By Ben Civiletti
Editor’s Note: We were only able to offer Men’s Race reports this week. We would love to gain some other contributors. If you know somebody who is interested, have them talk to Sully at the next race weekend.
Team Time Trial
The Men’s A team time trial at the Philly Phlyer was essentially a drag race, in both senses of the word. The course was dead flat for the majority of the 6.2 mile distance, and there was a fierce headwind on the first leg of the out-and-back loop. Teams with full aero setups got at least a little of their money’s worth in this race, although the technical upper circuit may have evened the score a bit.
Franklin and Marshall College came in with a blistering time of 13:34 to win the day by just two seconds. Following them was UPenn in 13:36 and perennial ttt favorite Penn State with a time of 13:48. Franklin and Marshall is an emerging team in the ECCC and winning a TTT is a strong statement that they not only have strong individual riders but that they have dedicated team spirit, coordination and strength in numbers. The Penn State men were clearly riding strong in defense of their current lead in the ECCC season overall.
The only variable in the race of truth besides the riders themselves was a flock of geese that decided to hang out in the middle of the road. There were no incidents reported, but many tense moments were experienced as teams collectively crossed their fingers and hoped the geese would stay put. As it turns out, men in skinsuits going over 30mph are just as scary to geese as hitting a bird is to a cyclist.
The circuit race took place after the ttt, allowing ample time for shenanigans before re-chamois-ing. The Men’s A field was stacked with strong riders from all over the East, and the race was on from the gun.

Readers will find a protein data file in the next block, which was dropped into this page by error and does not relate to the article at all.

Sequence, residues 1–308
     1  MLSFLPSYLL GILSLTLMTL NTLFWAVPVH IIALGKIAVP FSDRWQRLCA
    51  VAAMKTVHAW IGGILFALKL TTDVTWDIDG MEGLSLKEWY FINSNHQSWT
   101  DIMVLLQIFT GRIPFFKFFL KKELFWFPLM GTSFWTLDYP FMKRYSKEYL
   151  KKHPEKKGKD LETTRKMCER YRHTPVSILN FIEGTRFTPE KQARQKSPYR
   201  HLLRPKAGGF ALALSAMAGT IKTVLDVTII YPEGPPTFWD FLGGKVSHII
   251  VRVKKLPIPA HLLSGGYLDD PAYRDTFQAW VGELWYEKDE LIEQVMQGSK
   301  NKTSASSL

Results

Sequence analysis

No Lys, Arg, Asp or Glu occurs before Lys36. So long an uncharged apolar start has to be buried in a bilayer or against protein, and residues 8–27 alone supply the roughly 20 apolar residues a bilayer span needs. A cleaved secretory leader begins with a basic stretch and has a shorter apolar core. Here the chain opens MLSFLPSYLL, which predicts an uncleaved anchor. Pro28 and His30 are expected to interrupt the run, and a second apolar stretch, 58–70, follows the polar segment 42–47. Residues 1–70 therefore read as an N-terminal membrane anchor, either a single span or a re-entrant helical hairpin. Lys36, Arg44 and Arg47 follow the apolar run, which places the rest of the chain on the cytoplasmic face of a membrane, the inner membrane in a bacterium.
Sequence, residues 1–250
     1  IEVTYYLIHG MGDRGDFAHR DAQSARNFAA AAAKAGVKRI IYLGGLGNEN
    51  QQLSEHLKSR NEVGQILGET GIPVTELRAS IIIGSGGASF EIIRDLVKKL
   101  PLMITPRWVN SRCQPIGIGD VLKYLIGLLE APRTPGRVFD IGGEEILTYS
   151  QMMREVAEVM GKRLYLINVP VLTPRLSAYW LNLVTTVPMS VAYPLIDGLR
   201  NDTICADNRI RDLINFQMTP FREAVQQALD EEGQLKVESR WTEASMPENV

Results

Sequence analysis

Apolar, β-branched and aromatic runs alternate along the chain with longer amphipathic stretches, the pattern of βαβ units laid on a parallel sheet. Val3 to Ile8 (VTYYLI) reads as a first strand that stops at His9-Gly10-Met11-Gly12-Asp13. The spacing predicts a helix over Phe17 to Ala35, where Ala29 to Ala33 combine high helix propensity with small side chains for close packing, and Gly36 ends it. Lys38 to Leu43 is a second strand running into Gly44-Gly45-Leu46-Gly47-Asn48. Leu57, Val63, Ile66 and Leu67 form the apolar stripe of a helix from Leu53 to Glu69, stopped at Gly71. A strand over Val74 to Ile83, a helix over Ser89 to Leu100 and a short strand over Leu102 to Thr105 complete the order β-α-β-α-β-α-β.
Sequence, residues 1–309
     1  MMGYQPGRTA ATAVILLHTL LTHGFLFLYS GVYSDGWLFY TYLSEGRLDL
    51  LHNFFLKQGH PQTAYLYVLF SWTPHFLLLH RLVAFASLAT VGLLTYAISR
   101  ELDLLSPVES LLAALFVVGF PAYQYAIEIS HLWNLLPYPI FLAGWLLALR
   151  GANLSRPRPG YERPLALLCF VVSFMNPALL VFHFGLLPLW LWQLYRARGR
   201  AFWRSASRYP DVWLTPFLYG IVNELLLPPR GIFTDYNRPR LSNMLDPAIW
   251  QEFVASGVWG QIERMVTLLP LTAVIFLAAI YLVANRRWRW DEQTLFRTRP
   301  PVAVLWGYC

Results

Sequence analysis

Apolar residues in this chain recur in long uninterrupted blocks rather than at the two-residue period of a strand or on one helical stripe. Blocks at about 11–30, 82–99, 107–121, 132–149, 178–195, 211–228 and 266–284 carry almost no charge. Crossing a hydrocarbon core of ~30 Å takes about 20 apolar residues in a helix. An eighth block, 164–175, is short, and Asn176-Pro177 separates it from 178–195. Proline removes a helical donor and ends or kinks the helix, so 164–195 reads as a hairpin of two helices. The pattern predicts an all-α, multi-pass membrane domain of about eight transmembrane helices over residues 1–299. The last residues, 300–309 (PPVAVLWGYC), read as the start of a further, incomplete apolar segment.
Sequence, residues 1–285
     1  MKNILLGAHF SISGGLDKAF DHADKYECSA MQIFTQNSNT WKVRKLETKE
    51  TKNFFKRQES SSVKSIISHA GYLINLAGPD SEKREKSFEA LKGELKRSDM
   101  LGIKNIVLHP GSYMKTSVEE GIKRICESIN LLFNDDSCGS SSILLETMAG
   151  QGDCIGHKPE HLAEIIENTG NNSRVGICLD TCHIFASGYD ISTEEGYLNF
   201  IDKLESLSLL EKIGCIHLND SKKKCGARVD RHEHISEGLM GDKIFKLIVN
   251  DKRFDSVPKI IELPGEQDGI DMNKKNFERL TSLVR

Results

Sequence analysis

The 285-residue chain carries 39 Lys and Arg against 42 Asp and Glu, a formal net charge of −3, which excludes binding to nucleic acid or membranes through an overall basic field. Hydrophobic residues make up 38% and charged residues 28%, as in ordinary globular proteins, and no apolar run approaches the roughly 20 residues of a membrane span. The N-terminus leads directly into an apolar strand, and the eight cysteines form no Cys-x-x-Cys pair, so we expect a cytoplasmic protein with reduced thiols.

Over the top of the mid-lap climb, a break of 6-8 riders formed off the front, and held a small gap for one lap. This move was caught again on the climb and countered by a vicious attack from Charlie Avis (Princeton) and Robin Carpenter (UPenn). This two man breakaway quickly gained one minute, and at the start of the fourth lap, the advantage was nearly twice that. The field behind was a bit disorganized, and as a result a real chase effort never materialized. The breakaway succeeded in staying off the front, although the gap narrowed significantly as the two riders began to look at each other on the final climb. In the end, Carpenter came around Avis to win the race, while the Princeton rider took second. While that was the result on the road, the U Penn Rider was deemed ineligible by the collegiate rules. Charlie Avis is the actual winner.
Taking the field sprint behind them was Nicholas Reinert (Pittsburgh University). It was never clear whether the two leaders were working well together, but regardless of their respective efforts the move was a good one. UPenn and Princeton are proving to be schools to watch this year in the hunt for yellow.
On Sunday morning, Temple University’s downtown campus hosted a traditional four-corner criterium. The course was a lengthy 1.1 mile pancake, and the speeds were incredibly high throughout the categories.
The Men’s A race got off to a quick start as a mysterious rider from the University of Maryland leapt off the front in the opening laps. This rider was mistaken for a member of the Cervelo Test Team at first, but then everyone remembered that the team was dissolved this year, and it seems Maryland just copied their kit. Rumor has it his name is Tim; however people who know him say it’s Alex. One thing we can be sure of is that his last name is Weiler and he was off the front for a very long time.
To the dismay of the ACCC, unknown Cervelo rip-off guy was caught with several laps to go, and a counter attack yielded a breakaway of three. Mystery man was able to hang on to their wheels, but he was not victorious. Last year’s overall winner Max Korus (UPenn) sprinted across the line first, followed by Evan Murphy (RPI) and Robert Abramo (Villanova).
Christopher Hamlin (UVM) deserves honorable mention for towing the field around at least 6 times in pursuit of the leaders, but alas, they pedaled very quickly indeed.